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Transfusions and Iron Overload Blood and platelet transfusions, iron testing and treatments

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Old Thu Jul 8, 2010, 09:23 PM
SkipM SkipM is offline
Join Date: Nov 2007
Location: Philadelphia, PA
Posts: 19
1st Transfusion Questions

This week my hbg fell below 8 for the first time and is now 7.2. I'm still functioning alright and even went on a 10 mile bike ride last Sunday. The Dr. wants me to come in and get a transfusion but I'm on vacation so will wait until next Tuesday to do it.

My big question is do I need someone to be there with me to take me home? My wife works and won't be able to take off that day.

How long does this process take? Can I go right to work afterwards?
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Old Thu Jul 8, 2010, 11:26 PM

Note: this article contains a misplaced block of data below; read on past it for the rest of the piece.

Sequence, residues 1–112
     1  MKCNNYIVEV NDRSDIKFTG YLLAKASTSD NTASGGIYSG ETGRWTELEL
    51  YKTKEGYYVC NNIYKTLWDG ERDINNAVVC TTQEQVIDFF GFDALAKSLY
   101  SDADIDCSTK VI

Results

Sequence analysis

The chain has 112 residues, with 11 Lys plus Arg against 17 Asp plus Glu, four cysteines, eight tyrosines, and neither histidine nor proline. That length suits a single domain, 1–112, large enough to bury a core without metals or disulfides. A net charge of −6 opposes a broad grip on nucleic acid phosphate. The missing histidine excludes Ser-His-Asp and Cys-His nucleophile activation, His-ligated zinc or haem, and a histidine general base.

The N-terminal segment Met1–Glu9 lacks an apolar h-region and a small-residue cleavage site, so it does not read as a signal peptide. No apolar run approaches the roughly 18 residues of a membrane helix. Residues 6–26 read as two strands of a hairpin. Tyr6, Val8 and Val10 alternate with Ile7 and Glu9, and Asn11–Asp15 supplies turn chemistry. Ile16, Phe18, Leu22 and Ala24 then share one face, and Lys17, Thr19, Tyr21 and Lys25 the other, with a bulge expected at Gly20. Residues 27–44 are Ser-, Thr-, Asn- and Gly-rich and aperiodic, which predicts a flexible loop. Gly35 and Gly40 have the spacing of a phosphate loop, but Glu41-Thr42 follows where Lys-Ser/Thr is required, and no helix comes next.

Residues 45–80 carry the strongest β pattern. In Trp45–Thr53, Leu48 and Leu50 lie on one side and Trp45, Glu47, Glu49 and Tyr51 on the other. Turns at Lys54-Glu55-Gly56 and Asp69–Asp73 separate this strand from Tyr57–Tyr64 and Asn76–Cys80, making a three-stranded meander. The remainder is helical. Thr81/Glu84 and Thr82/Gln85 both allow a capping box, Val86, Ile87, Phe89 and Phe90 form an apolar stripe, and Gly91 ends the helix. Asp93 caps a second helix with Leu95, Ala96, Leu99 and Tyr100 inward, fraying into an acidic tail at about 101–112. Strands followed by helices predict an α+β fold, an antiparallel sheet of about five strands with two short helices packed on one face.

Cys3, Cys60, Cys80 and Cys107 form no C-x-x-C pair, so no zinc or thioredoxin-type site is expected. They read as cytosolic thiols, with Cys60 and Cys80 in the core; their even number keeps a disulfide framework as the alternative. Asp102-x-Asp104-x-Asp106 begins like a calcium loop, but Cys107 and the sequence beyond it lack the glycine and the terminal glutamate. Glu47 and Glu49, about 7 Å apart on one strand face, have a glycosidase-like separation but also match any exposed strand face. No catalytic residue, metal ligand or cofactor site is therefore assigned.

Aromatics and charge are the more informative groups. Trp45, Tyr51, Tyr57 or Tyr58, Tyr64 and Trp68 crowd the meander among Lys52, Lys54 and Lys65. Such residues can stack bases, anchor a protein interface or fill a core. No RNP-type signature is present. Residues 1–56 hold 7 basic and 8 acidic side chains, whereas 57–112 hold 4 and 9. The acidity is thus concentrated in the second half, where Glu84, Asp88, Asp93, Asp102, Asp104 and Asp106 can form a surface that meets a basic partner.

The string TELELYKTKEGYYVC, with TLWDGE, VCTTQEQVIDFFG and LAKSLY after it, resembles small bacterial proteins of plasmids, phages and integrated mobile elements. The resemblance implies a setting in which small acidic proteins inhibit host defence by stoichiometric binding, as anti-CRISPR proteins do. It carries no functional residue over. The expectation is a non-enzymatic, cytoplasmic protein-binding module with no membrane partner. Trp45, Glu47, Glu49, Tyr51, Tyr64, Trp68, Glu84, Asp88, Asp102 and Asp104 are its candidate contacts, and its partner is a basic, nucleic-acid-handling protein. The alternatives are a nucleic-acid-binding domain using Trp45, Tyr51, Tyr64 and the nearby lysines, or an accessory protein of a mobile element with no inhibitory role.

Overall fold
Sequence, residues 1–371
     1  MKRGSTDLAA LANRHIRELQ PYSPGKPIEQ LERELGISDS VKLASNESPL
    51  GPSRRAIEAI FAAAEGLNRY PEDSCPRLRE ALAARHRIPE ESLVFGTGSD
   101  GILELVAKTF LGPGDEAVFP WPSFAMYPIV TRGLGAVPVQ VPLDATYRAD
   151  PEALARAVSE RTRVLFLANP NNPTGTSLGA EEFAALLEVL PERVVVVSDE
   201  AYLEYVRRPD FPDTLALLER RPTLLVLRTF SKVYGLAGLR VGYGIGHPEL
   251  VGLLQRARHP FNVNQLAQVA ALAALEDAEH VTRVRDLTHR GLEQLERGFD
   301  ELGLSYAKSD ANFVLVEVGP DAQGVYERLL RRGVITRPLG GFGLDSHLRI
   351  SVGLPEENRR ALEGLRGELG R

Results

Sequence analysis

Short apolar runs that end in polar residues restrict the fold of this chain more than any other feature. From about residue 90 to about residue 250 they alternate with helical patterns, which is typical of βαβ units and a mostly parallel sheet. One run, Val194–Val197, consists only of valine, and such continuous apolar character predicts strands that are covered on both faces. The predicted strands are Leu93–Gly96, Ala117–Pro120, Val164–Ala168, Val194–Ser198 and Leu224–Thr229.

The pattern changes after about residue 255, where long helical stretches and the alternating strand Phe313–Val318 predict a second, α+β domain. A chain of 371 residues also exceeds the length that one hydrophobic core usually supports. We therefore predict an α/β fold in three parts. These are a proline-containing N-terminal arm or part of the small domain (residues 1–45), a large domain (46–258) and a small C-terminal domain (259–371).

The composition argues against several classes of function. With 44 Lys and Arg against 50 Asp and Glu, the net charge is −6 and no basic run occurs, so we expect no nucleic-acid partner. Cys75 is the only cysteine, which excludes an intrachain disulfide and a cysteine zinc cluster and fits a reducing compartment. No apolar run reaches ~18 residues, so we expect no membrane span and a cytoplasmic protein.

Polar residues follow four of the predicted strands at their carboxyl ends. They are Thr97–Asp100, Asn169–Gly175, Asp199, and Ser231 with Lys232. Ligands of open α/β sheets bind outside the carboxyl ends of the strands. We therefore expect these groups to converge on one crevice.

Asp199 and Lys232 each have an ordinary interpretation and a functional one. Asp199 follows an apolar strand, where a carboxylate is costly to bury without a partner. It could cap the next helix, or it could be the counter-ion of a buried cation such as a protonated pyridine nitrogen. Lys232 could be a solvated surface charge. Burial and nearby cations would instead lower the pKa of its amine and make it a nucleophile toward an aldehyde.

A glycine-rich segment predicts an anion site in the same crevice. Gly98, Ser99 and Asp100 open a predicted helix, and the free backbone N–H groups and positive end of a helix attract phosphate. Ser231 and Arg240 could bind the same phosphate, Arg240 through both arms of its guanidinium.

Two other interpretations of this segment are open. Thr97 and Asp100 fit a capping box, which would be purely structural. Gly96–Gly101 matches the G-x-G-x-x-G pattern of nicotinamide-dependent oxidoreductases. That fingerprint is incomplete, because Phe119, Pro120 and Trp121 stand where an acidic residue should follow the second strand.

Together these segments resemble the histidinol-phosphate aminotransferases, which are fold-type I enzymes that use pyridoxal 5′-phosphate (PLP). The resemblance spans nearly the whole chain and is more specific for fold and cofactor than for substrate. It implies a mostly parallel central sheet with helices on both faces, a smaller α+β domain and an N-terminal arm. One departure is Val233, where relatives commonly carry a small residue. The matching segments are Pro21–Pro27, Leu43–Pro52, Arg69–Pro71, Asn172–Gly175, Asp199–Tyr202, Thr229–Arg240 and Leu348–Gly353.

Neil Cuadra Neil Cuadra is offline
Join Date: Jul 2006
Location: Los Angeles, California
Posts: 2,493
Transfusions typically take a couple of hours, depending on how much paperwork, cross-checking, etc. they do. You shouldn't need anyone to pick you up afterwards and you should be fine going to work. In fact, you'll probably feel better than when you went in.

After a transfusion you should notice if any symptoms of a problem occur, like shortness of breath, pain, tingling, chills, fever, swelling at the transfusion site, bleeding, and so on. If there's anything out of the ordinary, call the transfusion center or your doctor to report it and ask what to do.
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Old Fri Jul 9, 2010, 08:42 AM
Marlene Marlene is offline
Join Date: Oct 2006
Location: Springfield, VA
Posts: 1,344
Before John's treatment, he was able to get his red cells on his own. Like Neil said, he felt better after getting them. After his treatment, he needed me to drive him for a whole host of reasons but mostly because they had to pre-med him before red cells because he started getting hives with his red cell transfusion. He couldn't drive because of the Atarax...made him way too sleepy. In addition, he was pretty wiped out in general.